It’s exciting for an entrepreneurial business to create and register its trademark. It’s a big step for your business. Like many things with legal implications, there may be unseen risks you need to know so as to not divert your focus from growing your business. Three of those are discussed below.
Your trademark could be false advertising.
One area that is often overlooked when choosing a trademark is determining whether the mark could be considered false advertising under federal or state law because it makes claims about your product that cannot be substantiated. The Federal Trade Commission (FTC) requires that advertising must be truthful and non-deceptive, that advertisements not be unfair, and that advertisers must have evidence to back up their claims. Claims about a product or service must be truthful, accurate, and when used in combination with the remainder of advertisement material, must not convey any unsubstantiated claims.
A federal trademark registration does not change the requirement that advertisers have a reasonable basis for all express and implied messages conveyed by the trademark alone and in conjunction with other elements of the advertisement. In other words, a federal or state trademark registration cannot serve as a defense to a claim that the mark itself is not truthful and accurate.
Before disseminating an ad, advertisers must have a reasonable basis for all express and implied product claims. What constitutes a reasonable basis depends greatly on what claims are being made, how they are presented in the context of the entire ad, and how they are qualified. With this in mind, trademarks should be evaluated by counsel to determine whether they make an express or implied claim and, if so, is there substantiation to back up those claims.
Does your trademark make an environmental claim?
The FTC Green Guides provide general principles that apply to all environmental marketing claims, how consumers are likely to interpret particular claims, and how marketers can substantiate these claims and can qualify their claims to avoid deceiving consumers. While the U.S. Patent and Trademark Office may object to a mark because terms such as “GREEN” and “ECO-FRIENDLY” merely describe a way for consumers to find providers of products and services that are not harmful to the environment, it will not review the mark to determine whether an applicant has substantiated its green claim in connection with its products.
When evaluating claims about environmental benefits or safety of products, competent and reliable scientific evidence is the standard. This is typically defined as tests, analyses, research, studies, or other evidence based on the expertise of professionals in the relevant area that have been conducted and evaluated in an objective manner by persons qualified to do so, using procedures generally accepted in the profession to yield accurate and reliable results. If a trademark with an environmental claim is to be used, the trademark owner should evaluate to assure it is sufficient in quality and quantity based on standards generally accepted in the relevant scientific fields for that product.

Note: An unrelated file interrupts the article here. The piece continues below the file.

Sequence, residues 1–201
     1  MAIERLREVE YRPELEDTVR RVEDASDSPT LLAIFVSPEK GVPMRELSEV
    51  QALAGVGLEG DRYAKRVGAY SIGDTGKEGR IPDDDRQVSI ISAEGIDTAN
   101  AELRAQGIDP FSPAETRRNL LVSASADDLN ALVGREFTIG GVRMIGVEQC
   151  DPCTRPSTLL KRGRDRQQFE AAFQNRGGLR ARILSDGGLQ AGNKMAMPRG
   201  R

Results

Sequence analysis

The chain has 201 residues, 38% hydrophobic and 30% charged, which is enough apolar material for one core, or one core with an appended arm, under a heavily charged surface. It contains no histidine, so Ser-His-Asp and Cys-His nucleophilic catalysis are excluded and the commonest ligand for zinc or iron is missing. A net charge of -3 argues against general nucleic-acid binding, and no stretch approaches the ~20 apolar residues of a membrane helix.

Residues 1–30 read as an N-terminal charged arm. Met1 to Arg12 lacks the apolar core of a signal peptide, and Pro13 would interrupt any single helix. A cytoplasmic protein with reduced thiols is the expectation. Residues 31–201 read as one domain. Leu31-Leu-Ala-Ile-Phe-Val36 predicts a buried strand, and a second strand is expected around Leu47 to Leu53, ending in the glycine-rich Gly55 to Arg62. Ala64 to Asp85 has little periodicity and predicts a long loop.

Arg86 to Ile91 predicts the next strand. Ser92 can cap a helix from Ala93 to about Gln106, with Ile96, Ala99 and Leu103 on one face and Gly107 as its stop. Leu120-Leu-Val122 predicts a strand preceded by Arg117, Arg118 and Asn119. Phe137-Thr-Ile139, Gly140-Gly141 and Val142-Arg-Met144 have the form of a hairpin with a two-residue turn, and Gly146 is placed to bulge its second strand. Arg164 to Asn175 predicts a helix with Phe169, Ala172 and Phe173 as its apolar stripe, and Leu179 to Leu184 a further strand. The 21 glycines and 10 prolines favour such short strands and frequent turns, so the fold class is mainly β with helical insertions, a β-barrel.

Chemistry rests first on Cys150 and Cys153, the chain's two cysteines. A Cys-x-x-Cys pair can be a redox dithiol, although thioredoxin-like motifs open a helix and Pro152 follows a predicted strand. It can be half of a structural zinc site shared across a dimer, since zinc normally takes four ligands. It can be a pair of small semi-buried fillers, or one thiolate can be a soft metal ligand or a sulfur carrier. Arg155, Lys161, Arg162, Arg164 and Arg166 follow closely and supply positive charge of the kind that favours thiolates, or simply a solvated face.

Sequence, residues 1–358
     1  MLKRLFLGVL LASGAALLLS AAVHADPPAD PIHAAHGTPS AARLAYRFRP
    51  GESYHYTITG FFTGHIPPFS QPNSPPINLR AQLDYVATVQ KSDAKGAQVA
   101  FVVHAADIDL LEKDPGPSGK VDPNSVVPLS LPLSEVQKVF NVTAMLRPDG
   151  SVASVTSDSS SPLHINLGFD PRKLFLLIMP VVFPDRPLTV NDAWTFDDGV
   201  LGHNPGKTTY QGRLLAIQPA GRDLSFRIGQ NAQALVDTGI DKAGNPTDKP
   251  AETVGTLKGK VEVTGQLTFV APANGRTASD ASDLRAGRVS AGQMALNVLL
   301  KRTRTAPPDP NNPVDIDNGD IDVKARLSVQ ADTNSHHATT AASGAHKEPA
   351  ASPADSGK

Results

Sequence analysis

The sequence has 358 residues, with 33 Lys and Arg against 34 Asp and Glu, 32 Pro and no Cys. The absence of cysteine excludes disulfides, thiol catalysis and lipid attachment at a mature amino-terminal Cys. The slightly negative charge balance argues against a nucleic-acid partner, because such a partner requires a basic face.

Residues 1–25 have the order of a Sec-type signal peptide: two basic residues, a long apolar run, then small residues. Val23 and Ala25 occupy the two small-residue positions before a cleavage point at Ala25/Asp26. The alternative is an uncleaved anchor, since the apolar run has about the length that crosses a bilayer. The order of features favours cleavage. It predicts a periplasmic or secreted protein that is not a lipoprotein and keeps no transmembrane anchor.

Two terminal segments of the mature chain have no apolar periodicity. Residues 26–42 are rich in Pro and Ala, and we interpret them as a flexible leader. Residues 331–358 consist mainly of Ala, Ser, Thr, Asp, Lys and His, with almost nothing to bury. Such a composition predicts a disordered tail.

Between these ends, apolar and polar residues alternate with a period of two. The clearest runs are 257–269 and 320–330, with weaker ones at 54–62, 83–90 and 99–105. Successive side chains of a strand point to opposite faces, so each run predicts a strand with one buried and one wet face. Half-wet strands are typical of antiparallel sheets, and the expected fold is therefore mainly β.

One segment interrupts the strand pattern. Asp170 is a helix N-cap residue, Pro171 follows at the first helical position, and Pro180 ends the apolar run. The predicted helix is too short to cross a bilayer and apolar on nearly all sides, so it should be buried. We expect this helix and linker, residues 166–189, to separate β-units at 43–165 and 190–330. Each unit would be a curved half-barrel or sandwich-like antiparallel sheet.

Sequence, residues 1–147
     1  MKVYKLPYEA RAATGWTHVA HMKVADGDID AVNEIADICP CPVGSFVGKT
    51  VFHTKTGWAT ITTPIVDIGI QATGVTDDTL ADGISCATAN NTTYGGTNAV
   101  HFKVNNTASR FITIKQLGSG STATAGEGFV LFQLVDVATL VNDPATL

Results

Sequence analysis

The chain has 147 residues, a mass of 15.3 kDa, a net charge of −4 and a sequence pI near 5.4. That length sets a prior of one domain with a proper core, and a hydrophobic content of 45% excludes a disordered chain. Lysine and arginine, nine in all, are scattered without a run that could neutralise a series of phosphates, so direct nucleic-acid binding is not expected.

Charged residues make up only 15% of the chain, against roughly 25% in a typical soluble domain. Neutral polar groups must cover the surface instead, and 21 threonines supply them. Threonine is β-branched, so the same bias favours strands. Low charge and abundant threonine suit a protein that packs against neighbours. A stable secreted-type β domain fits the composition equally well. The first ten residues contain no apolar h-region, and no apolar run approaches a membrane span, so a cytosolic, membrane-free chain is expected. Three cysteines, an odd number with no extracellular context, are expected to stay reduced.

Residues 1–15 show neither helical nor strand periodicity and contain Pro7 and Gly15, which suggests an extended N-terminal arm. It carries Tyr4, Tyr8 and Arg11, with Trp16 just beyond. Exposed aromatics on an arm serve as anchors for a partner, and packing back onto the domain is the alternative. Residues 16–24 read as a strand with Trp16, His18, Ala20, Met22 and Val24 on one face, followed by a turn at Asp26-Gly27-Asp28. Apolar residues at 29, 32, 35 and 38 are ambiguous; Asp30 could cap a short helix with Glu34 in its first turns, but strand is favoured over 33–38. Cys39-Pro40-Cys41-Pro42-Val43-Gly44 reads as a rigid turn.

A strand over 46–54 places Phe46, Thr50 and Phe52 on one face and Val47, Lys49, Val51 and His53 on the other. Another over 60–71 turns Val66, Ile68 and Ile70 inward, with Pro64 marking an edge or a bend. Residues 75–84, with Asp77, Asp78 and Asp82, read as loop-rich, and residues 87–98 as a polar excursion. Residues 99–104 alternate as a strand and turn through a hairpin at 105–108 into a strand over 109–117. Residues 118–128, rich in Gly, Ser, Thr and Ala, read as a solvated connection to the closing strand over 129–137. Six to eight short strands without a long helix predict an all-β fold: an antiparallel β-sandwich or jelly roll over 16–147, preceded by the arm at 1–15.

Can you use your trademark internationally?
In today’s global economy, it is often imperative to seek trademark protection outside of the U.S. Part of the vetting process should include a conversation with foreign counsel in all jurisdictions of interest. While the U.S. requires that a mark be in use in interstate commerce prior to receiving a registration (“common law rights”), most countries follow a “first-to-file” rule. This rule allows trademark owners to obtain priority in a trademark prior to using the mark by being the first to file an application for that mark in connection with its goods and services.
If the mark will receive significant use in that jurisdiction, a similar check should be conducted by foreign counsel to determine whether domain names are available, whether the mark has any particular meaning in that jurisdiction’s language, and what the requirements are to assure you will not lose rights in that mark after a certain period of time.
This article should not be construed as legal advice or legal opinion on any specific facts or circumstances. The contents are intended for general informational purposes only, and you are urged to consult your own lawyer on any specific legal questions you may have concerning your situation.
Barnes & Thornburg LLP is a large, full-service law firm that seeks to take a more entrepreneurial and cost-effective approach both to client service and its own business.